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International Studies in Philosophy Monograph Series

2005

The Gift of Self

Stephen David Ross
Pages 193-205
DOI: 10.5840/ispms200510

Self and WorId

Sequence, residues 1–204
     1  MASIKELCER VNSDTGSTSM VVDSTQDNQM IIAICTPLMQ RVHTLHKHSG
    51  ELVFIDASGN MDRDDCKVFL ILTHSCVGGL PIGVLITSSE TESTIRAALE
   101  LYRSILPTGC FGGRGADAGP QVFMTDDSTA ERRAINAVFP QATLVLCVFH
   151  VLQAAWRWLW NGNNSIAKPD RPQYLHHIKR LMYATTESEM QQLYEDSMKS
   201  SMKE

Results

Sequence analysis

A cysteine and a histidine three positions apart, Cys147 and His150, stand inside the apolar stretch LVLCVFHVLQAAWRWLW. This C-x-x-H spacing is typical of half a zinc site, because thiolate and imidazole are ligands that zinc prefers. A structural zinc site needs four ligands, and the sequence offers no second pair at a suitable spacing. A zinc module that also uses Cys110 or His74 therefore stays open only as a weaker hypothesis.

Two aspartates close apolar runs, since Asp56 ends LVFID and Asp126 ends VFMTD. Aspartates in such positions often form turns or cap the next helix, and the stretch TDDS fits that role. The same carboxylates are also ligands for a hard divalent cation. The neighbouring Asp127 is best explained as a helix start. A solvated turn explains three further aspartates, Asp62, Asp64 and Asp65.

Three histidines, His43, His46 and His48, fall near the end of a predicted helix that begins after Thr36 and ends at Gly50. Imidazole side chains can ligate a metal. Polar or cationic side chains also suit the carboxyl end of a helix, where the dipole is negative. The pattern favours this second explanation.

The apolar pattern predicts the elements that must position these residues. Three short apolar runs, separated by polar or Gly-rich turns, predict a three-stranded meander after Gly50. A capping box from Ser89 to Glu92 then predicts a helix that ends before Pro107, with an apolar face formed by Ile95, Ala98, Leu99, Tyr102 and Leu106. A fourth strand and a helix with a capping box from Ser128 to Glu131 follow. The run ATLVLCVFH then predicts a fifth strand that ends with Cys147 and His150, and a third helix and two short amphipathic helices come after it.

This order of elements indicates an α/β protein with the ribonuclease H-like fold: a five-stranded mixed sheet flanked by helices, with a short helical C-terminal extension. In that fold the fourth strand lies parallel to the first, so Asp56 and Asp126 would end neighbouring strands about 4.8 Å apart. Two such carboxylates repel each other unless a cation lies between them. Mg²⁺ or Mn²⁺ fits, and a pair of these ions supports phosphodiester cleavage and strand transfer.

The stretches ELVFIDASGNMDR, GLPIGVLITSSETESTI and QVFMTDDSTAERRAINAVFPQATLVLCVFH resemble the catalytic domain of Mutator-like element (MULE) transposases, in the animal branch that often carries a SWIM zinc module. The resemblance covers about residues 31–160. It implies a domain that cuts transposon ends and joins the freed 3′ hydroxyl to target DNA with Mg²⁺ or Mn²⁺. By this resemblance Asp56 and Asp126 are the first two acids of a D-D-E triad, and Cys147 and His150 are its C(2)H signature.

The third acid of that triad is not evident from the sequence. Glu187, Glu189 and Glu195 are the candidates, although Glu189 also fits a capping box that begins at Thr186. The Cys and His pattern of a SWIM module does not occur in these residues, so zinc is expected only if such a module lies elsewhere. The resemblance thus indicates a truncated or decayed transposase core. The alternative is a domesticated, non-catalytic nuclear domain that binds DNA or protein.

Man, in the analytic of finitude, is a strange empirico-transcendental doublet, since he is a being such that knowledge will be attained in him of what renders all knowledge possible. (Foucault, OT, 318) Man is a mode of being which accommodates that dimension-always open, never finally delimited, yet constantly traversed-which extends from a part of himself not reflected in a cogito to the act of thought by which he apprehends that part; and which, in the inverse direction, extends from that pure apprehension to ... the whole silent horizon of what is posited in the sandy stretches of non-thought .... The question is no longer: How can experience of nature give rise to necessary judgements? But rather: How can man think what he does not think, inhabit as though by a mute occupation something that eludes him, animate with a kind of frozen movement that figure of himself that takes the form of a stubborn exteriority? (pp. 322-3)

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